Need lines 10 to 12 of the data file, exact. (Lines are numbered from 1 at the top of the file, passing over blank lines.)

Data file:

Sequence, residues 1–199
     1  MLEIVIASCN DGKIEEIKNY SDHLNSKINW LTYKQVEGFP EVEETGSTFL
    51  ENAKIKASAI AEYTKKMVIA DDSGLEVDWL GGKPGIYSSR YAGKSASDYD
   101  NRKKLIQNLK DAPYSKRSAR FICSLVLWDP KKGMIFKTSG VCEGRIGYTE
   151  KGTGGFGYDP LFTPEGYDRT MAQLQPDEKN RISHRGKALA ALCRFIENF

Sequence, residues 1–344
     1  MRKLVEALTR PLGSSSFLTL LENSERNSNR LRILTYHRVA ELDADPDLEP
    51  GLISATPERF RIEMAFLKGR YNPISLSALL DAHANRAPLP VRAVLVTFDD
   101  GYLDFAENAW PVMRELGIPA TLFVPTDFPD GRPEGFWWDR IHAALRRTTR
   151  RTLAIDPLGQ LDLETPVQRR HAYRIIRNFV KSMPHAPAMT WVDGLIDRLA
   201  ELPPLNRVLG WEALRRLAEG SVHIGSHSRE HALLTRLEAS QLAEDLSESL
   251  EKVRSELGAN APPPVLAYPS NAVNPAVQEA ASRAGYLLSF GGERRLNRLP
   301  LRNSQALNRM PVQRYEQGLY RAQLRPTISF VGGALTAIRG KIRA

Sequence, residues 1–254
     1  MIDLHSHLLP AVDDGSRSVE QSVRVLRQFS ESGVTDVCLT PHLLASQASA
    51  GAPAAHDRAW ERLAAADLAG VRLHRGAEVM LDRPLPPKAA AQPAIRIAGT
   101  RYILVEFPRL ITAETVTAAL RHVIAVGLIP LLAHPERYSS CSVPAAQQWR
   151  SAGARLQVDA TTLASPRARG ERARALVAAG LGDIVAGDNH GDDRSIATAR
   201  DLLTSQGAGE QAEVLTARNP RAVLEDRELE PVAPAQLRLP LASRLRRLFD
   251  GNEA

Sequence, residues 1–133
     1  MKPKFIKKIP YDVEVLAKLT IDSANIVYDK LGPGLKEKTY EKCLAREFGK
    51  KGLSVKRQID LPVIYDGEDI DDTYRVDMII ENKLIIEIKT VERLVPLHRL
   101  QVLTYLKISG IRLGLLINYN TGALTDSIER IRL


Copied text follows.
   151  RTLAIDPLGQ LDLETPVQRR HAYRIIRNFV KSMPHAPAMT WVDGLIDRLA
   201  ELPPLNRVLG WEALRRLAEG SVHIGSHSRE HALLTRLEAS QLAEDLSESL
   251  EKVRSELGAN APPPVLAYPS NAVNPAVQEA ASRAGYLLSF GGERRLNRLP